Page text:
Over the past few days I’ve received a number of requests to sign and share a petition. On the surface the petition looks like a good cause – removing fat shaming apps for app stores. On further inspection there are serious issues with this and, while I have tremendous respect for many of the people promoting it, and I think that they are very well intentioned, I also think what they are doing is a mistake that will have serious negative short and long-term consequences. And so, while I normally choose just not to participate in activism with which I disagree, this is really important to me and so I’ve decided to speak about it in my space.
The petition was started by the Obesity Action Coalition (Note: I’m not linking to the organization, I’m just am not interested in giving them traffic. You’ll have to Google if you want to check them out for yourself.). The problem with this group is that they lie, misinform, and make a profit on the backs of fat people by perpetuating the message that fat people are a problem that needs to be eradicated. While I think there may well be limited situations where we can effectively use the power and privilege the OAC and groups like it receive for being fatphobic in a society that rewards fatphobia, I think that we should be careful to do so only where we can avoid actually promoting them or their message.
Let’s start with the lying.
They say “The OAC is the organization representing more than 93 million Americans impacted by obesity.”
This might give you the idea that they have 93 million fat members. Not the case, they simply take an estimate of the number of “obese” people and claim to represent all of us. They sure as hell don’t represent me. I’m know I’m not the only one but even if I was, this is still a lie.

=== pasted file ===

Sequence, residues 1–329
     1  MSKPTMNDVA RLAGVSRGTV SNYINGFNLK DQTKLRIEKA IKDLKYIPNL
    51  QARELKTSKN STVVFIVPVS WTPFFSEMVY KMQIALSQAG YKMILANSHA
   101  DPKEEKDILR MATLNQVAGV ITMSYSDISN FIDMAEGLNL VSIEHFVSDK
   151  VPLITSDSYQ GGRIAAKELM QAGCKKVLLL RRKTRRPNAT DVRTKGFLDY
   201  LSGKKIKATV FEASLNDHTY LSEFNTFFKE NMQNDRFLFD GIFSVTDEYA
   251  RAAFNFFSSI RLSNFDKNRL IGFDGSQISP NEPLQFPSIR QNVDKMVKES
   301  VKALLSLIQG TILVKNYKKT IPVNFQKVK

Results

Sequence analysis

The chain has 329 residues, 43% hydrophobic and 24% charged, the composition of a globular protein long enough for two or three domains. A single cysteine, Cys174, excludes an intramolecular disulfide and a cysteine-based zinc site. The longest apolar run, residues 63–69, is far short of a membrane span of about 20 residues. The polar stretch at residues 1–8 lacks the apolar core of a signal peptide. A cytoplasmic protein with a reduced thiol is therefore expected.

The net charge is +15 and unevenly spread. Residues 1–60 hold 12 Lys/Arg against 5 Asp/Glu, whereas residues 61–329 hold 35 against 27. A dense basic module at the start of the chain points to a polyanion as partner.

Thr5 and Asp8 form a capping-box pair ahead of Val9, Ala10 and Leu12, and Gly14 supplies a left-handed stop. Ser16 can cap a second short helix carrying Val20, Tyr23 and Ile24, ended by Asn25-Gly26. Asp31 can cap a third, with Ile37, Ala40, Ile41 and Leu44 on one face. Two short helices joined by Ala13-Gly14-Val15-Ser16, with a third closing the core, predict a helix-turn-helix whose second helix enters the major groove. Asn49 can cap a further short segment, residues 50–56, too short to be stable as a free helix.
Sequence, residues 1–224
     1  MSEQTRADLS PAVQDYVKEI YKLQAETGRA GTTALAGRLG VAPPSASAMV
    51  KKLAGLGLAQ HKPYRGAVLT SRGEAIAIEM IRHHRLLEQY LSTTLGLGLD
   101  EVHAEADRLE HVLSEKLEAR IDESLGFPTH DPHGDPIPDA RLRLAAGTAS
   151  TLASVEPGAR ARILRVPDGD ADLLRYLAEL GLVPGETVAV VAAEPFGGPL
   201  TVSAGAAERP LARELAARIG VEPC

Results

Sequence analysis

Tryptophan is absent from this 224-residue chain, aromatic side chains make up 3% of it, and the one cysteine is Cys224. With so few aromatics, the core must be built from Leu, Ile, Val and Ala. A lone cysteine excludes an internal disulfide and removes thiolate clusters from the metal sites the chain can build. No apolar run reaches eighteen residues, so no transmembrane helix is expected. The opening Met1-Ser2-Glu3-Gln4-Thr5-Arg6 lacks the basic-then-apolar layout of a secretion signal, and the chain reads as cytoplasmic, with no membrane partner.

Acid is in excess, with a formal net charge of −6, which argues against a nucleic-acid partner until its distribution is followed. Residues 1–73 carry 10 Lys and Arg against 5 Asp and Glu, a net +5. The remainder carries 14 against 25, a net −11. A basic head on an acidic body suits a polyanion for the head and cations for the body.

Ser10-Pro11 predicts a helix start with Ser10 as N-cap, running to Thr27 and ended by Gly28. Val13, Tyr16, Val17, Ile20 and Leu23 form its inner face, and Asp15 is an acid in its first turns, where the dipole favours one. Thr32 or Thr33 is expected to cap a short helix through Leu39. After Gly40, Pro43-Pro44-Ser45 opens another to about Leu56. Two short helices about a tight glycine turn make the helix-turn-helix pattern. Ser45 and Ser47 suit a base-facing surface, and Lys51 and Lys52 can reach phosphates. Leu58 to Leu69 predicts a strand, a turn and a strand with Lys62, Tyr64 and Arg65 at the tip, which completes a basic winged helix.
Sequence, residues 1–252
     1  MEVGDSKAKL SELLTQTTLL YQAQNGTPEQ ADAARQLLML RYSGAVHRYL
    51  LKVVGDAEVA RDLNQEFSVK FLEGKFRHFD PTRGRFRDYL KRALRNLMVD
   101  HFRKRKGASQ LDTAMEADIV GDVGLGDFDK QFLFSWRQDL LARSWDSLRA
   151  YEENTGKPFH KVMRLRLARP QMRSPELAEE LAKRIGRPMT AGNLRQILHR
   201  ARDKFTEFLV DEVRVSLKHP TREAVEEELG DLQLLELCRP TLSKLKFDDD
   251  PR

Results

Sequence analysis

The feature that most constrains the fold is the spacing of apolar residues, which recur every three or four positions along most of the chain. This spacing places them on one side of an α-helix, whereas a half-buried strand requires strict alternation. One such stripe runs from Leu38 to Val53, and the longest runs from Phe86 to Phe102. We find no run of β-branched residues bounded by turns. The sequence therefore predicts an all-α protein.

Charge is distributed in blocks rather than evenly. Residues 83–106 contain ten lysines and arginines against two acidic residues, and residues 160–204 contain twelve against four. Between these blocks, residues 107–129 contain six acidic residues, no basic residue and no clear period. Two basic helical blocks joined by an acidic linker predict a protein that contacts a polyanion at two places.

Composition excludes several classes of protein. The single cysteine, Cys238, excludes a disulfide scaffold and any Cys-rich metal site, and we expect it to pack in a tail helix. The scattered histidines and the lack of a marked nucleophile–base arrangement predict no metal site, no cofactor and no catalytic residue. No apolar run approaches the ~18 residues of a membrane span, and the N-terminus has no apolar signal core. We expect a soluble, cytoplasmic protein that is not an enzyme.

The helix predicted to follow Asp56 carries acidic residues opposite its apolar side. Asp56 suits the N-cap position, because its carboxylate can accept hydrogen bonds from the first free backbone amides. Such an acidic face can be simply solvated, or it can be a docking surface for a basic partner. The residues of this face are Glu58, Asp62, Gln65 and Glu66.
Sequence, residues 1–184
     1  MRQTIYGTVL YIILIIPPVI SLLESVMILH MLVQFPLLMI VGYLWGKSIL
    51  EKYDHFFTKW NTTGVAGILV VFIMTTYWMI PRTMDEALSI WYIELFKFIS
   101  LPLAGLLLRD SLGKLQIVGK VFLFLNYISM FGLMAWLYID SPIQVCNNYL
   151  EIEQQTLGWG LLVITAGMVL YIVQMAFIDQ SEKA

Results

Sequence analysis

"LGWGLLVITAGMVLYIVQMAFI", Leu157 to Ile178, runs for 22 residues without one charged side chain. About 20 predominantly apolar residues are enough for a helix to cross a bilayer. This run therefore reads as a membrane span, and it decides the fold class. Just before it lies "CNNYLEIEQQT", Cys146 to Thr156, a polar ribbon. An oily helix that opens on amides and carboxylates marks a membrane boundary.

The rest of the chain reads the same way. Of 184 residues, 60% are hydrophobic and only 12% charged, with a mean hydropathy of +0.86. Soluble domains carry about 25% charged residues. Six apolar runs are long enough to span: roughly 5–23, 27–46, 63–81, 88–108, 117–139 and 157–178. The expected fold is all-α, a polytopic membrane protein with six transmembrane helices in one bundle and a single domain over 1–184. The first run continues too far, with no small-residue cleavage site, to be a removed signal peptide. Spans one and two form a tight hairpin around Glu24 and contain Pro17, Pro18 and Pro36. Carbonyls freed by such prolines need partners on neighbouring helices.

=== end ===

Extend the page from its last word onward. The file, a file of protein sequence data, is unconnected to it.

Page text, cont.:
Wondering who they really represent? Let’s take a look at who funds them:
Companies that give $100,000 or more
- Allergan – Manufacturers of the lap band
- American Society for Metabolic and Bariatric [weight loss] Surgery
- Covidien – “committed to better patient outcomes through bariatric surgery“
- Eisai – manufactures of the weight loss drug Belviq
- Vivus – manufacturers of the weight loss drug Qsymia
In fact, it appears that every single member of the “Chairman’s Council” (those who give from $1,000 to over $100,000) is a company that profits from selling the promise of weight loss. Is ending weight stigma so important to these companies that they are pouring hundreds of thousands of dollars into the OAC? Not exactly. The OAC says that “Chairman’s Council members receive valuable exposure, such as a formal announcement in the OAC’s e-newsletter that reaches more than 30,000 individuals monthly, a listing in each issue of our quarterly magazine [which is called, I’m not even kidding here, “Your Weight Matters”], and a link on the OAC’s Web site which is a benefit only accessible through this level.” It’s not exactly the 93 million people the OAC claims to represent, but make no mistake these companies pay the OAC to promote their products.
In addition to promoting weight loss methods that have been shown to be ineffectual and dangerous – even deadly – all to the tune of billions of dollars in profit, they also promote BMI as a way to judge health,
This group is for the eradication of fat people and the lip service they pay, in things like this petition, to not stigmatizing fat people is cold comfort. I do not think that you can reasonably say “I profit from promoting the elimination of you and everyone who looks like you, but, you know, in a non-stigmatizing way.”
About that petition, let’s see what we’re signing onto when we support it. This language comes directly from the petition:
30 percent of girls with excess weight and 24 percent of boys with excess weight report being teased by peers at school
Along with serious medical conditions, such as diabetes, heart disease, sleep apnea and more, obesity carries the burden of being the last acceptable form of discrimination in today’s society.
Couching fat bodies as wrong with terms like “excess weight” shames the children they are
pretending purporting to care so much about. There is no shame in having a disease and suggesting that simply being fat or having any of the health conditions mentioned is a “burden” is a stigmatizing message. Body size and health are two different things and by using language that constantly conflates the two, the OAC makes appearance into a disease which diverts funds from the research and treatment of actual diseases, and creates more opportunities for their high paying members to profit from their products that don’t work – leading to fat people being further stigmatized when we’re blamed for the failure of their products.